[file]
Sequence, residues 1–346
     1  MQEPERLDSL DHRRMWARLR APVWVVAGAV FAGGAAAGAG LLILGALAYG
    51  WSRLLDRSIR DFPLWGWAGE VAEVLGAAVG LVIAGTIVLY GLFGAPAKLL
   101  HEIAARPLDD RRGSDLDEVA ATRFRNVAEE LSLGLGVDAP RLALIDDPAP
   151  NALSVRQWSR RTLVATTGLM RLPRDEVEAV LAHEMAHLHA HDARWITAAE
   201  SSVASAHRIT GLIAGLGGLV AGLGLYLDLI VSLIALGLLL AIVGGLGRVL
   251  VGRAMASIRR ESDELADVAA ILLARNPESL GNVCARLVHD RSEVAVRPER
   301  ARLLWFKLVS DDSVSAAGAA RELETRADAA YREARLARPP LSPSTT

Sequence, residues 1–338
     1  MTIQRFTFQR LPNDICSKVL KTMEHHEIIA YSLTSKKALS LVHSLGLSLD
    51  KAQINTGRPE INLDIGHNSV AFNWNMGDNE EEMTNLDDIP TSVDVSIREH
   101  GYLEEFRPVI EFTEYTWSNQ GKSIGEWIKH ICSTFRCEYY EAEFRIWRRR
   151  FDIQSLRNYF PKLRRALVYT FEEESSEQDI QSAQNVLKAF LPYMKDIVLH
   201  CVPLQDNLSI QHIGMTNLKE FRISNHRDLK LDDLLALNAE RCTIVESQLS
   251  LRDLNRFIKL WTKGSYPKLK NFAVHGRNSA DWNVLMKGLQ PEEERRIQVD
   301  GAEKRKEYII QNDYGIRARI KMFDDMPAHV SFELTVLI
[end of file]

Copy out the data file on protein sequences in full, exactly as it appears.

Sequence, residues 1–346
     1  MQEPERLDSL DHRRMWARLR APVWVVAGAV FAGGAAAGAG LLILGALAYG
    51  WSRLLDRSIR DFPLWGWAGE VAEVLGAAVG LVIAGTIVLY GLFGAPAKLL
   101  HEIAARPLDD RRGSDLDEVA ATRFRNVAEE LSLGLGVDAP RLALIDDPAP
   151  NALSVRQWSR RTLVATTGLM RLPRDEVEAV LAHEMAHLHA HDARWITAAE
   201  SSVASAHRIT GLIAGLGGLV AGLGLYLDLI VSLIALGLLL AIVGGLGRVL
   251  VGRAMASIRR ESDELADVAA ILLARNPESL GNVCARLVHD RSEVAVRPER
   301  ARLLWFKLVS DDSVSAAGAA RELETRADAA YREARLARPP LSPSTT

Sequence, residues 1–338
     1  MTIQRFTFQR LPNDICSKVL KTMEHHEIIA YSLTSKKALS LVHSLGLSLD
    51  KAQINTGRPE INLDIGHNSV AFNWNMGDNE EEMTNLDDIP TSVDVSIREH
   101  GYLEEFRPVI EFTEYTWSNQ GKSIGEWIKH ICSTFRCEYY EAEFRIWRRR
   151  FDIQSLRNYF PKLRRALVYT FEEESSEQDI QSAQNVLKAF LPYMKDIVLH
   201  CVPLQDNLSI QHIGMTNLKE FRISNHRDLK LDDLLALNAE RCTIVESQLS
   251  LRDLNRFIKL WTKGSYPKLK NFAVHGRNSA DWNVLMKGLQ PEEERRIQVD
   301  GAEKRKEYII QNDYGIRARI KMFDDMPAHV SFELTVLI